SolarCity is mainly in the business of solar systems installation, which it sells or leases it to customers. The company has tied up with a number of big investors like Google, Bank of America, etc. to fund residential solar systems. The investors benefit as they get the tax subsidies associated with solar systems. SolarCity in recent times has branched out into the energy efficiency retrofit, energy storage, and EV charging segments as well. The company's investors include Draper Fisher, DBL Investors, and Generation Investment Management. Tesla Motors (NASDAQ:TSLA) CEO Elon Musk is the biggest investor and also its chairman.
What We Like About SolarCity
1. Growth in a Tough Business
SolarCity has grown rapidly, leaving behind many competitors that have been in this business for a longer time. Pure play solar installers/integrators like Real Goods Solar (RSOL) and Westinghouse Solar (OTCPK:WEST) have never managed to grow at SolarCity's pace.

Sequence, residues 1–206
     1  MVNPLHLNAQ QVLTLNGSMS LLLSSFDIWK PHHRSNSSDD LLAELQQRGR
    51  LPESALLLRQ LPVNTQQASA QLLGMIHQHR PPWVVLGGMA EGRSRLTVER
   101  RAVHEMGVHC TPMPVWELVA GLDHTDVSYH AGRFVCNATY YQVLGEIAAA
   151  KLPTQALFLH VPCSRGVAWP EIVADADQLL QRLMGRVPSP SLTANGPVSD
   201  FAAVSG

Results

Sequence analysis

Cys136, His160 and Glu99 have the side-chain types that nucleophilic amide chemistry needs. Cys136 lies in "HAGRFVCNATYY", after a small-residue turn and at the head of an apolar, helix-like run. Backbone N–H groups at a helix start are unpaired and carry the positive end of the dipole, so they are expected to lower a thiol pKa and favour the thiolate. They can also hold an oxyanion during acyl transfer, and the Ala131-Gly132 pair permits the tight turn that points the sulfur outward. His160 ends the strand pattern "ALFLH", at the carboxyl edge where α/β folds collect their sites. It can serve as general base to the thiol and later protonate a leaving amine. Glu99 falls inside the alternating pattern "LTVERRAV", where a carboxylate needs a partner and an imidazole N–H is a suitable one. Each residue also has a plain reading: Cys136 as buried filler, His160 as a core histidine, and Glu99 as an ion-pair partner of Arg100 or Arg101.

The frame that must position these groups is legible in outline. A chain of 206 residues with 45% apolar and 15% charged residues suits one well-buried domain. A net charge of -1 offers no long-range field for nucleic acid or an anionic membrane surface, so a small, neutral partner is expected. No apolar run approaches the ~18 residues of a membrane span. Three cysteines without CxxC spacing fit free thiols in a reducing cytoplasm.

2. Expansion Into Energy Efficiency Retrofits
SolarCity has very intelligently expanded into the related energy efficiency retrofit segment. Solar energy panel owners would be more receptive to environment friendly measures, and SolarCity has used this fact to sell these products/services to a large portion of its solar customers
What We Don't Like About SolarCity
1. Low Barriers to Entry
The residential and commercial solar systems installation business has very low barriers to entry, and this segment is high fragmented. The big solar installation/systems developers like MEMC (WFR), SunEdison, First Solar (NASDAQ:FSLR), and Sunpower (NASDAQ:SPWR) are mainly concentrated in the utility solar segment. There are almost no barriers to entering the residential and commercial solar systems business.